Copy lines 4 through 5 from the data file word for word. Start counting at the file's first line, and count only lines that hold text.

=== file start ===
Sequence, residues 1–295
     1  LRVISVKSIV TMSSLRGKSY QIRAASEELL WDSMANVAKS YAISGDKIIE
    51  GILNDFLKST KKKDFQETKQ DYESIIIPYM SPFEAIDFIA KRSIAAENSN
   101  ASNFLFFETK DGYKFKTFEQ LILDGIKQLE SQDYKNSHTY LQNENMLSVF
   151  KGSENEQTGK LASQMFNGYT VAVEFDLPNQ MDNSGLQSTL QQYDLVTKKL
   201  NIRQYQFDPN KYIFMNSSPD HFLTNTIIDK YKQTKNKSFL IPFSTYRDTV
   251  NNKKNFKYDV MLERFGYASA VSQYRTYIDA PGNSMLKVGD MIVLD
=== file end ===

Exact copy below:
   101  ASNFLFFETK DGYKFKTFEQ LILDGIKQLE SQDYKNSHTY LQNENMLSVF
   151  KGSENEQTGK LASQMFNGYT VAVEFDLPNQ MDNSGLQSTL QQYDLVTKKL